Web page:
Griffin and I play a little game called *Guess the Temperature*. It goes about how you would expect. We step outside on the way to his bus. I ask him to guess the temperature. If I don’t already know, I get to guess after he does. If I do already know, I don’t cheat; we just remark on how close his guess was.

In Minnesota, this means we get to study integers.

Me: Griff, guess the temperature.

Griffin(eight years old): Two below zero.

Me: It’s three degrees above.

G: So I was off.

Me: Not by much, though. How much were you off by?

G: [muttering to himself, then loudly] Five degrees!

Me: How did you know that?

G: It’s two degrees up to zero, then three more.

Let’s pause for a moment here. You know how I just won’t shut up about CGI (Cognitively Guided Instruction)? It’s because they’re right. Children know mathematics before it is formally taught.

Consider the grade 6 (for 11-year olds) Common Core Standard 6.NS.C.5

Understand that positive and negative numbers are used together to describe quantities having opposite directions or values (e.g., temperature above/below zero, elevation above/below sea level, credits/debits, positive/negative electric charge); use positive and negative numbers to represent quantities in real-world contexts, explaining the meaning of 0 in each situation.

Griff pretty much has this nailed down and is making progress on grade 7. But no one has formally taught him how to subtract integers. He reasons his way through a problem by making sense of the relationships in the context. He can find 3-(-2) without knowing keep-change-change.

But it’s not just Griffin. CGI demonstrated that children—all children—develop mathematical models of their worlds that precede instruction, and that instruction sensitive to these mathematical models is better than instruction that ignores them.

Back to our conversation.

Me: So what if it 10 degrees out, and you guessed 3?

G: [quickly] I’d be seven off.

Me: Right. How do you know that?

G: Ten minus three is seven.

Me: Nice. Subtraction. Do you know that you can always express the difference between your guess and the actual temperature with subtraction?So in that last example, you subtracted your guess from the actual temperature. You could do that with your real guess today.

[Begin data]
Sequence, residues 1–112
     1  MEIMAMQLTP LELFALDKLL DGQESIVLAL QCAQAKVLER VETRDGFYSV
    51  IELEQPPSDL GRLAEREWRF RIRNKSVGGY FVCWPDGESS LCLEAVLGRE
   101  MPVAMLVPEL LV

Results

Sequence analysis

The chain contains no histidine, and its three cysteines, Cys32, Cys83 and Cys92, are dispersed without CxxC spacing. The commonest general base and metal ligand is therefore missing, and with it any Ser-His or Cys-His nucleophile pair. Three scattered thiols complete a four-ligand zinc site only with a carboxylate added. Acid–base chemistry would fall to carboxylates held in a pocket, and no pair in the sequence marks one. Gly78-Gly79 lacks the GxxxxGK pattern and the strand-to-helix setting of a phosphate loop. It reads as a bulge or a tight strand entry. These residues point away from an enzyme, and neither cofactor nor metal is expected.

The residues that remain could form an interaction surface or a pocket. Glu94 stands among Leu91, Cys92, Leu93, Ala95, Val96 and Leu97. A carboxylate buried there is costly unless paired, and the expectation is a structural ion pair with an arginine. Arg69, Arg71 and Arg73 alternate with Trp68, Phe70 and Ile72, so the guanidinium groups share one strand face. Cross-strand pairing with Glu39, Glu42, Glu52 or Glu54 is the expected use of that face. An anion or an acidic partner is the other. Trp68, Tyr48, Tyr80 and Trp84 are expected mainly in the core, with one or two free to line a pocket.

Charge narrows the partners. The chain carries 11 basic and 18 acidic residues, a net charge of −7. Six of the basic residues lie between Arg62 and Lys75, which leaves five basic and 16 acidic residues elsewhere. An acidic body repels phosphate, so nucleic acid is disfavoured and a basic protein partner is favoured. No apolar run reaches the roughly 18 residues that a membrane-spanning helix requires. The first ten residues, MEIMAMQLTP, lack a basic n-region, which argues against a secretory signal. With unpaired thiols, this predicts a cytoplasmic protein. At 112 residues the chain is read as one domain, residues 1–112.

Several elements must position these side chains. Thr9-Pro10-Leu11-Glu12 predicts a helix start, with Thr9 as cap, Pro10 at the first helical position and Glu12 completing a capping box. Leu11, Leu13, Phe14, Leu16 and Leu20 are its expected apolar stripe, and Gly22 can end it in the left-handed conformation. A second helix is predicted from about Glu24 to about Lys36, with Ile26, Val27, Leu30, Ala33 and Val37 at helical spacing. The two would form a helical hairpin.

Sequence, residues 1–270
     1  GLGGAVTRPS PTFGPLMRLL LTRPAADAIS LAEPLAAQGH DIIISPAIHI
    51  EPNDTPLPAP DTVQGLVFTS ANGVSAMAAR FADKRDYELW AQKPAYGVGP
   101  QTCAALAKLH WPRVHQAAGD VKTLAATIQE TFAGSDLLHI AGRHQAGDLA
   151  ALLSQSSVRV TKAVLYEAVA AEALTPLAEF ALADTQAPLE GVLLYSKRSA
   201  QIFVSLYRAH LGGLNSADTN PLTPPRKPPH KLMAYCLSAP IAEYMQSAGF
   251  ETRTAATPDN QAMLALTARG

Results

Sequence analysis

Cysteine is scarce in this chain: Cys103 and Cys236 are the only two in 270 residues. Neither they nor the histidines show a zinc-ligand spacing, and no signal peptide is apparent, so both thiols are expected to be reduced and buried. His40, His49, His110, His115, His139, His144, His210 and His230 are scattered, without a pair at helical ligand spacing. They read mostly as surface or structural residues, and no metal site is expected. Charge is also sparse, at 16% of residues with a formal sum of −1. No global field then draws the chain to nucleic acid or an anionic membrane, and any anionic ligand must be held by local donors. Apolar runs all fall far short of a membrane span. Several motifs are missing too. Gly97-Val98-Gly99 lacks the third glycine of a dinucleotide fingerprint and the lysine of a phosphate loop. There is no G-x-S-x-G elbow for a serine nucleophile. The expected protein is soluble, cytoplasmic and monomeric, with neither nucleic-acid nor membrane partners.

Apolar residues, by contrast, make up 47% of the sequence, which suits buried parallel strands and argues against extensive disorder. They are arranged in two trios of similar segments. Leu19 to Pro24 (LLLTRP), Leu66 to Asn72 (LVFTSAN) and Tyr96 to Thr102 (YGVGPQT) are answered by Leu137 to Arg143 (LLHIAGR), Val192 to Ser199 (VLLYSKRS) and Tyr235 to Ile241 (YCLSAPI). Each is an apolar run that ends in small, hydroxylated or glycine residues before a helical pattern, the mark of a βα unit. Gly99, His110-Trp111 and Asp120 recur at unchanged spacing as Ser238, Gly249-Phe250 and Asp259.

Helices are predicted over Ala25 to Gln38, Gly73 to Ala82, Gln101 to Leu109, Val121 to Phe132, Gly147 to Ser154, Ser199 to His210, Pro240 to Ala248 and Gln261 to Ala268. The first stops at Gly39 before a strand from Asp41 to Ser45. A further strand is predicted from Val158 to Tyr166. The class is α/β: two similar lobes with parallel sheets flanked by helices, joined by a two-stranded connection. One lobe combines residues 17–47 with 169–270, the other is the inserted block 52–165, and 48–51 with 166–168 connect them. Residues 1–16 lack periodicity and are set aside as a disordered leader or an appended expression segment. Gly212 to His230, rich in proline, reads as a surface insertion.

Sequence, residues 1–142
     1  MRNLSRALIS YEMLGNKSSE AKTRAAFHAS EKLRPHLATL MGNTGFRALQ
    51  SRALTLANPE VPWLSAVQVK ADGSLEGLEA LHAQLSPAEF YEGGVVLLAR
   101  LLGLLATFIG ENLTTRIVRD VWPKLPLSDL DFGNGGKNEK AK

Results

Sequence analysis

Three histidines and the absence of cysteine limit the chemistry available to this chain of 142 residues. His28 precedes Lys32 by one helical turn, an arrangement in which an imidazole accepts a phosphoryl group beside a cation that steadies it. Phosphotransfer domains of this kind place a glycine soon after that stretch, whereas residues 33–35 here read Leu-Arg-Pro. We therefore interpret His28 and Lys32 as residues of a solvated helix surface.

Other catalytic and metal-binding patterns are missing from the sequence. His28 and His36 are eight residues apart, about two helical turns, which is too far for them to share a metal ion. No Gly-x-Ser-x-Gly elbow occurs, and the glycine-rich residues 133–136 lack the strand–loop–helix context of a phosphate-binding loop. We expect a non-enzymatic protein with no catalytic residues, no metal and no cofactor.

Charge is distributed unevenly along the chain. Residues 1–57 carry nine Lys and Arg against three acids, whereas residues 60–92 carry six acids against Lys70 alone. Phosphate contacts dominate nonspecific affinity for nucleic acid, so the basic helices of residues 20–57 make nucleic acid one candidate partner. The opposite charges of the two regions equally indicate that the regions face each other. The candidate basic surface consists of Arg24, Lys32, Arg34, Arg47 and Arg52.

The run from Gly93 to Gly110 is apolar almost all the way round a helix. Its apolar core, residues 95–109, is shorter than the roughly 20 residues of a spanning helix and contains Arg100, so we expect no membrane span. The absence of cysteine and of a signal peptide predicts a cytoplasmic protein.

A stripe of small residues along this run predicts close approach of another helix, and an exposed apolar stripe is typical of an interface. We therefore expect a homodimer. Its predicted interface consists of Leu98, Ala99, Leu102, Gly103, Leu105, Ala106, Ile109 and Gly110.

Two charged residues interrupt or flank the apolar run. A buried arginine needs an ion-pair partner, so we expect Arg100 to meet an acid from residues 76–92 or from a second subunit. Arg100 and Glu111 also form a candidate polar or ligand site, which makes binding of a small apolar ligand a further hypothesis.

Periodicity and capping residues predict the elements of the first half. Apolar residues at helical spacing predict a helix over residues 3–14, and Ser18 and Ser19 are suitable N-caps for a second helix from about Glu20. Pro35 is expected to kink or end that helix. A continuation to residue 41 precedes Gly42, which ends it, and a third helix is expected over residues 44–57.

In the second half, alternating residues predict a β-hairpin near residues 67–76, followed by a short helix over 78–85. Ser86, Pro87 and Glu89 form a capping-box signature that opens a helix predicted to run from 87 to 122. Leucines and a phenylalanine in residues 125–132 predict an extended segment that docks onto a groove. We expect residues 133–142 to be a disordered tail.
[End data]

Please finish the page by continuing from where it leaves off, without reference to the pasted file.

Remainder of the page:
So three minus negative 2 is five.

G: [silent]

By this time we were nearing the bus stop. I had offered this tidbit as an intellectual nugget to chew on, rather than a lesson I expected him to absorb. But that is what it means to have instruction be sensitive to children’s mathematical models.

While we don’t have as many negative temperatures to talk about here in Vancouver, I find a link between integers and playing ball. See http://davidwees.com/content/number-line-activity for a description of how that worked.

I have noticed my own son solve problems like this all over the place without my help. He has the advantage of strong number sense, which is certainly not an accident. It has been nurtured by myself and my wife as much as we can by including him in activities that involve numbers on a daily basis.

When you say something like “So three minutes negative two is five,” do you also write it down on paper? Or can G follow that in his head?

Although you site compelling evidence for making sense of integers, I still don’t think the pedagogical opportunities provided is a good enough reason to move from temperate San Francisco to Minnesota.

🙂

Yeah,

Bree.Guess the temperaturewould be a pretty crappy game in San Francisco, wouldn’t it?Me: Griff, guess the temperature.

G: 58.

Me: Nope. 59.

G: I was off.

Me: By how much?

Repeat exactly like this all year long.

Karim, no I do not. I am not opposed to it, but usually—as in this example—we’re just walking to the bus stop or sitting on the couch. Also, I have absolutely no evidence that hefollowedthat line of reasoning. I was just planting a seed. I’ll report back on whether it germinates.@Breeden – Advantage of living in MN is that it will help Griffey develop understanding of functions earlier. For instance, “what is the relationship between temperature and thoughts of madness?”

@Triangle – The old Mark 4:5 approach, eh?

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Bless you, bless you, bless you. Can we please teach all parents to do this with their children? I teach 8th grade remedial math and have very few students who can accurately do integer addition and subtraction 90% of the time. The majority of those who *can* do it accurately do it using the stupid mnemonics they’ve been taught. I hate hearing “keep-change-change” simply because there’s no understanding behind it. This becomes clear when they try to KCC on multiplication or division…

I’m working on it. Do your part and spread the word about my Talking Math with Your Kids posts, OK? Share the love and I’ll keep it coming. Lots more fun to be had in the coming months.

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